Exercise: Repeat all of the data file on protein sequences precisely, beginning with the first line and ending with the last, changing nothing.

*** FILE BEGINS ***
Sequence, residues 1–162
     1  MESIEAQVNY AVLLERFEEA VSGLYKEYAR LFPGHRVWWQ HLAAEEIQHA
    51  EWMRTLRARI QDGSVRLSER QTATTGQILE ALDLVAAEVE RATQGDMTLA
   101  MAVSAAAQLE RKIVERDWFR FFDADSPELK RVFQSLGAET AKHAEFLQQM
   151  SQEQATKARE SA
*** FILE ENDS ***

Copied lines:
Sequence, residues 1–162
     1  MESIEAQVNY AVLLERFEEA VSGLYKEYAR LFPGHRVWWQ HLAAEEIQHA
    51  EWMRTLRARI QDGSVRLSER QTATTGQILE ALDLVAAEVE RATQGDMTLA
   101  MAVSAAAQLE RKIVERDWFR FFDADSPELK RVFQSLGAET AKHAEFLQQM
   151  SQEQATKARE SA